If you’re feeling too exhausted or too low down to get outside, try anyway. You’ll feel better once you’re out there, I promise. Remember nature helps whether we consciously enjoy it or not. But if you just can’t muster up the energy, turn on Planet Earth or Our Planet and rest. David Attenborough: A Life On Our Planet is a must-see personal witness statement from the 94-year-old naturalist and creator of Planet Earth, and is now available on Netflix. David has visited all seven continents documenting the living world. The film is his dutiful account of humanity’s destruction of the natural world in pursuit of profit, but it is also a message of hope on how we can clean up our mess and do better from here.

9. Create a Forest Spa Day at Home

Okay, I’ve been on the fence about the efficacy of essential oils. The memes don’t help. But according to a diary study conducted in 2001, Americans spend less that 8% of their time outside. Conducted 20 years ago, I think it’s safe to argue that percentage is likely even lower today. Perhaps COVID has moved the needle outside a bit, but there’s no data to report.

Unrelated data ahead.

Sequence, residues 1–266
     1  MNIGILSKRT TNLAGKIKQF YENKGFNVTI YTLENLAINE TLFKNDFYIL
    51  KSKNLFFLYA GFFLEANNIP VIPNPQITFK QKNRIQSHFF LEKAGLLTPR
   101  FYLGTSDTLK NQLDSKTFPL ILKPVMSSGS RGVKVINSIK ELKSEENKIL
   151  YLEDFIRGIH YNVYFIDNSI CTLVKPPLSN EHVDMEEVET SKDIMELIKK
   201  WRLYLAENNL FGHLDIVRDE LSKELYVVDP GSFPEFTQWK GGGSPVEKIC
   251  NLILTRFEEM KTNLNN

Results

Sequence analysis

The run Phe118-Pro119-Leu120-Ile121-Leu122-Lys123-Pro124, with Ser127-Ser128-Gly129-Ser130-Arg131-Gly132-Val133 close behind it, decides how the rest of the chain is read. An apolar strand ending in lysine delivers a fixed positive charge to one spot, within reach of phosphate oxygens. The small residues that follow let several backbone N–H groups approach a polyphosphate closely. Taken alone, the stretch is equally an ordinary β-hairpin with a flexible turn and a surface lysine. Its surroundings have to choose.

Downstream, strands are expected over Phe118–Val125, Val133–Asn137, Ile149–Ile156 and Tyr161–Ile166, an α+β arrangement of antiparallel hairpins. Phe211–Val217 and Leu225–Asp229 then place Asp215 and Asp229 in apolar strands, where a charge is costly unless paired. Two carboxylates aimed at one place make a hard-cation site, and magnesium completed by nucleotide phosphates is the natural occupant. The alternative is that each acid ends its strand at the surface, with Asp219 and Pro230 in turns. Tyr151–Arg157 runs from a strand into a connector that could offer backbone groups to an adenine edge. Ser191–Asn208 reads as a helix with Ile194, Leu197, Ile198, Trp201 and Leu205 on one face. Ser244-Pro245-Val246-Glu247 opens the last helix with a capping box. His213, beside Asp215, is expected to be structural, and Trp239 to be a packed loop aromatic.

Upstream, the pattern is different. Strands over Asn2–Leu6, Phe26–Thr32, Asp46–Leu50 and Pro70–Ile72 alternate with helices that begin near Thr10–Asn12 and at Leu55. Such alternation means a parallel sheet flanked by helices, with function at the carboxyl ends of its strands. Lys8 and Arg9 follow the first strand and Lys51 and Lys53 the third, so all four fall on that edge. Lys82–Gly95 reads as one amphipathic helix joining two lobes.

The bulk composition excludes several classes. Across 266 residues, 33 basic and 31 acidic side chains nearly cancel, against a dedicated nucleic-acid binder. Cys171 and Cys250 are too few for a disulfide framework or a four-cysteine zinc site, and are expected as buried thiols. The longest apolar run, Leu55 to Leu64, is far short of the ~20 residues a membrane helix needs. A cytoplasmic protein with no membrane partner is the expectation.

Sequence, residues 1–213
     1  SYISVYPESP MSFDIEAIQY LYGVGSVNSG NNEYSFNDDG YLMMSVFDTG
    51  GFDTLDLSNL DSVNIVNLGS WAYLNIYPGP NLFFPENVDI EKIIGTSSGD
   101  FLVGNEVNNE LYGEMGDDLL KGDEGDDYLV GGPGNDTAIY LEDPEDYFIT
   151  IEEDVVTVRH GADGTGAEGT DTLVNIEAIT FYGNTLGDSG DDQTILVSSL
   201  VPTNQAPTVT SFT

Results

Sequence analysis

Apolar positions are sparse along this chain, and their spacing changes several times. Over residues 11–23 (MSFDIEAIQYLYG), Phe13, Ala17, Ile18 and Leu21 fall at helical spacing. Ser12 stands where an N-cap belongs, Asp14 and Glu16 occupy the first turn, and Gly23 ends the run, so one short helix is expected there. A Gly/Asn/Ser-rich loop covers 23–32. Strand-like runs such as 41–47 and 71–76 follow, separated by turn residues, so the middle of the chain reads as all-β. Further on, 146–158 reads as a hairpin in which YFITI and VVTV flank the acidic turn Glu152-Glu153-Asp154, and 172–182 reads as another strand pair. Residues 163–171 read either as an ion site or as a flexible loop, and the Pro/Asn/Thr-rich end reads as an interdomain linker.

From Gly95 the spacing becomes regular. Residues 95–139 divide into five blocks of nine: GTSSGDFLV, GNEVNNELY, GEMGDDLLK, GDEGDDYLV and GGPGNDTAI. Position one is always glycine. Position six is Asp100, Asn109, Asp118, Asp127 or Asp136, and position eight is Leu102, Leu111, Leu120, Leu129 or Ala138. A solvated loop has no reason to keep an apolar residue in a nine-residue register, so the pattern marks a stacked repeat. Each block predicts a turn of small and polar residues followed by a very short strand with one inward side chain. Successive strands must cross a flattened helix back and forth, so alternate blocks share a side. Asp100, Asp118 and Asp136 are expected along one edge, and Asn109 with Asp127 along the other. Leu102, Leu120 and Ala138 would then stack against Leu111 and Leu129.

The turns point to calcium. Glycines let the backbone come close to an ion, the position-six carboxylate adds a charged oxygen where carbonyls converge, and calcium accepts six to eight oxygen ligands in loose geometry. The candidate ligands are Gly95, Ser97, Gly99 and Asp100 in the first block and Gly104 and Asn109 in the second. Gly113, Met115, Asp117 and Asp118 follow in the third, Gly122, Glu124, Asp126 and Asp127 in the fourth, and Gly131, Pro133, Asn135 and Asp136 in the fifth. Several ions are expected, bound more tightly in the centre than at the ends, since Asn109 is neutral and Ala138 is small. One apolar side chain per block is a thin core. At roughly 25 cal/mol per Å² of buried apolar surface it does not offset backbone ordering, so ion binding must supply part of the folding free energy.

With that said, I have decided to believe in essential oils. Because if nature smells can be brought inside and connect our busy lives to the living world in some small way, it’s worthwhile. Qing Li, the chairman of the Japanese Society of Forest Medicine, uses evergreen oils to bring the forest into his home during the winter months. I’m gonna follow his lead. He sounds like he knows what he’s talking about. Add in a homemade avocado or coconut oil facemask, some nature sounds, a hot bath… and have yourself a spa day. 

10. Volunteer or Donate Warm Clothes

While most of us have the option to cozy up inside during the winter, a lot of people have to weather the elements or find a safe place outside of their home. Find a local homeless or women’s shelter and donate those warm clothes that you don’t wear anymore. ClosetMaid performed a study of 1,000 women that revealed that the average woman has 103 items in their closet, and only find 10% of them wearable. And Marie Kondo would agree that it’s past time to tackle our exploding closets. Winter is a great time to do it! And there are women looking for a safe, warm place that would be grateful for the donation.

If you’re already operating with a capsule closet and have no warm clothing to spare, volunteer at your local soup kitchen or help out a community garden organization. 

11. Go on a Trash Walk

Okay, I may be losing people with this one. I promise I don’t walk around and hug trees all day. This was actually my daughter’s idea last winter. On one of our winter walks, she noticed a piece of trash. We picked it up with our gloved hands. But you know when someone points out an annoying sound that you were previously oblivious to, and now you can’t hear yourself think? That same effect took hold, and all of a sudden, there was trash everywhere. It’s like I tell my husband, “There are always dishes, for those who want to see them.” Once we start looking, there are lots of ways we can do our part to steward the environment.